Our Opinion: Dipping into an anti-bullying strategy
Wednesday, May 1, 2013
Bullying is an unfortunate and unnecessary obstacle to education.
Students who are bullied often resist attending school and, if they do attend, avoiding their tormentors and coping with stress may divert their attention from instruction.
State lawmakers are considering legislation to require public school districts to adopt and enforce anti-bullying policies.
The Jefferson City School District has a policy that defines bullying as “intimidation or harassment of a student or multiple students perpetuated by individuals or groups.”
Bullying is not a new phenomenon and it is not confined to classrooms.
In addition, modern advances in social media have created a popular and despicable application. Cyberbullying compounds the cruelty because the perpetrators may remain anonymous or hide behind other personas — real or imagined.
We find much truth in the Bucket-Dipper theory of bullying outlined in a letter by Katherine Schedler, published Sunday. She wrote: “Everyone has an invisible bucket and an invisible dipper. When your bucket is full, you use your dipper to dip from your bucket to fill another’s bucket, e.g., compliment, encourage, etc. If your bucket is empty, you use your dipper to dip out of another person’s bucket, e.g., put down, demean, etc.”
Administrative policies — in schools, workplaces, etc. — are necessary, but they largely address punishable behavior, not human nature.
In addition, a consequence of punishment may cause the bullying to escalate, often in a more secretive manner.
Children, and adults, want to belong. We were created as social beings who want to be connected, accepted and loved.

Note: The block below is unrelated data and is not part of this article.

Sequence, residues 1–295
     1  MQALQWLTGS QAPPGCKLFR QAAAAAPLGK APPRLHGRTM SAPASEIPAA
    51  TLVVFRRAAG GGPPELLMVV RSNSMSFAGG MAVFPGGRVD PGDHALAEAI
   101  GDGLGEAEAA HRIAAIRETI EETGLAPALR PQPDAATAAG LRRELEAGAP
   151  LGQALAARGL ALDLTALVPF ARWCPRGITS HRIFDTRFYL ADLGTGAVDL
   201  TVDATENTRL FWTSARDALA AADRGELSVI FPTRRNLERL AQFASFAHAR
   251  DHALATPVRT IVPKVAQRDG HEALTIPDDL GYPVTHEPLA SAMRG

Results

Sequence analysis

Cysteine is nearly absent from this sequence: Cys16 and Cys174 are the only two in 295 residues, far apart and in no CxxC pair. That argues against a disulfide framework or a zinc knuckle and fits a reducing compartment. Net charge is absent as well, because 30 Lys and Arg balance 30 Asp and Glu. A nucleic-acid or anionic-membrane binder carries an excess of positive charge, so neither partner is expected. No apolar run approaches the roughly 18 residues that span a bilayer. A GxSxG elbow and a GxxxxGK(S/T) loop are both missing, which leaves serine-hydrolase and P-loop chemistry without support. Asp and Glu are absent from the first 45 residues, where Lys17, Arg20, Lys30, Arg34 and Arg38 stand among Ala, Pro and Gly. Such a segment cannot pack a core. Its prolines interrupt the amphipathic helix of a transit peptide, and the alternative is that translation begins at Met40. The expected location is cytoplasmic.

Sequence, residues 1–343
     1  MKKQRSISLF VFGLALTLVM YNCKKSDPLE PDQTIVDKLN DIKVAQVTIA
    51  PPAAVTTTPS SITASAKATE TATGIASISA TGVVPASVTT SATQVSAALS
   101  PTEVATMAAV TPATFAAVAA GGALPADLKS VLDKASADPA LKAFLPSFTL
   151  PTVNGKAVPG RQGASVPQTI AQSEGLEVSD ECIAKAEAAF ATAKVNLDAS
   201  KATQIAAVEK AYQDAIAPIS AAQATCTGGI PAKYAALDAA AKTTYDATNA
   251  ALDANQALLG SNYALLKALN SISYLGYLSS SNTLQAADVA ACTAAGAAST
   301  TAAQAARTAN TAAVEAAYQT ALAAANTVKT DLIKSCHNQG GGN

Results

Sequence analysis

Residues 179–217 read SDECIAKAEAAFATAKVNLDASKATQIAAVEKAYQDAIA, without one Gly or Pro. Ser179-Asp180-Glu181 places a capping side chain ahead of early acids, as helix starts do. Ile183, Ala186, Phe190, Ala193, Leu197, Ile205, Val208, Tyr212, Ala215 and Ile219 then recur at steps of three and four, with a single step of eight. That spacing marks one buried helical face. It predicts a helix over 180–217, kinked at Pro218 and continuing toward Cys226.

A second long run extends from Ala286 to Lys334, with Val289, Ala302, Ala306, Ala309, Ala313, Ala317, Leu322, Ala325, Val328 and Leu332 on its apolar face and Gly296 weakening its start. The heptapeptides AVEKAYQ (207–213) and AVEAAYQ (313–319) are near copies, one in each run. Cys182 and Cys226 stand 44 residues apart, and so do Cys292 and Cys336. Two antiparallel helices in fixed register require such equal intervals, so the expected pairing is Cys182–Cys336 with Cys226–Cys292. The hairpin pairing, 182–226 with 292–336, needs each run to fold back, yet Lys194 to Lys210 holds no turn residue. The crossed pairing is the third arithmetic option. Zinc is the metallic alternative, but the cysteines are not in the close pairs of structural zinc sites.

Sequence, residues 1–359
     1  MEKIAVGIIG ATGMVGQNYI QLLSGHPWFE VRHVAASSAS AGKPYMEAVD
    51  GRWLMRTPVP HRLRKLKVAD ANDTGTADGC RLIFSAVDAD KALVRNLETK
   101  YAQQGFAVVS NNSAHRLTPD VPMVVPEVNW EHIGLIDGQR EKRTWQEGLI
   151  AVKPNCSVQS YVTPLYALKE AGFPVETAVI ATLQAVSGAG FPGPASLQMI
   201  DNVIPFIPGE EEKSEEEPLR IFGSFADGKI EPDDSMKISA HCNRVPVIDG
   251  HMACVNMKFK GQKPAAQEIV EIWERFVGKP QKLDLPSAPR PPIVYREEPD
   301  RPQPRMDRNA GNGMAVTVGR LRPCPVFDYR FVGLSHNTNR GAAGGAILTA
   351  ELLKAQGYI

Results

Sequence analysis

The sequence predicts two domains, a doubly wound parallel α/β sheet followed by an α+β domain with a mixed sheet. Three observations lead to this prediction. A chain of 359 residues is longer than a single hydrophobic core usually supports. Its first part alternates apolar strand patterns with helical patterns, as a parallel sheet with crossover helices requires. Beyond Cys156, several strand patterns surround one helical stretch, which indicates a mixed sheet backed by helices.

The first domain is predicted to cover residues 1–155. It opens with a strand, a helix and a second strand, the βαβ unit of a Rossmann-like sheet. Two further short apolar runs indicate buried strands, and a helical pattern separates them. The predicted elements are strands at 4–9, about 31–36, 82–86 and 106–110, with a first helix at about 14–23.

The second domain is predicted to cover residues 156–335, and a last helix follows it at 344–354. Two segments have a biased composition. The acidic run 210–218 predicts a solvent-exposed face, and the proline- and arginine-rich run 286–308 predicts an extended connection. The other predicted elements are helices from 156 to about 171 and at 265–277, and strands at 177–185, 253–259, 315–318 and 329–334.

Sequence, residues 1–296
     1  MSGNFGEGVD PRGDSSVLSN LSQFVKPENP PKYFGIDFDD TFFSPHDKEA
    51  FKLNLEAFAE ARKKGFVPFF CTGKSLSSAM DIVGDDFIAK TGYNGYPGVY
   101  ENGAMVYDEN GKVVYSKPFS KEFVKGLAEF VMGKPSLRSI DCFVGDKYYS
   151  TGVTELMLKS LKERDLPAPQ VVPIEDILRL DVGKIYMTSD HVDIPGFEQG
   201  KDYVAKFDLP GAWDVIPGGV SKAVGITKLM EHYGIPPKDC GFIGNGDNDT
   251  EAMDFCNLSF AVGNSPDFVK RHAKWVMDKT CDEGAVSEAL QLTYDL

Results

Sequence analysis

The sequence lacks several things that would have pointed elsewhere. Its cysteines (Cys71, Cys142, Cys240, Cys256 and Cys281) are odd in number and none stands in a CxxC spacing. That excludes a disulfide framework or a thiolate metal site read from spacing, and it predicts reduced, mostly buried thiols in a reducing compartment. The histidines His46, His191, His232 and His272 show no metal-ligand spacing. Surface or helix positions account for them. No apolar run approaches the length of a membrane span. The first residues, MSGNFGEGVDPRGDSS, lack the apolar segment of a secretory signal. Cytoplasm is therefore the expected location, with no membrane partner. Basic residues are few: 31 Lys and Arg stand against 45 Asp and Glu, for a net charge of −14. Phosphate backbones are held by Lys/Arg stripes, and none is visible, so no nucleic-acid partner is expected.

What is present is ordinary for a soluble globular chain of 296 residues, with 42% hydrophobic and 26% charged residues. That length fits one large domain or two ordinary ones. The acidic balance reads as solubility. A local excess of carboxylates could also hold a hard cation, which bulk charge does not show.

Self-worth often is based on those social underpinnings.
The many forms of bullying — humiliation, ridicule, disrespect, ostracism, etc. — erode those underpinnings, leaving the victim feeling alone, isolated, depressed, even suicidal.
The social movement to improve self-esteem among young people — by not keeping score of youth baseball games, for example — met with much derision. Although the applications were questionable, the basic concept had merit.
That concept, using the Bucket-Dipper theory, is to help people keep their bucket full so they can give to, not take from, others.
Bullying, in the final analysis, is a form of taking. It is stealing another person’s sense of self-worth.
And it is prompted by the mistaken notion that the bullies can elevate themselves by tearing down others.
A starting point for all of us — parents, educators and members of a community — is to remind people, especially children, that each of us is unique and valuable.
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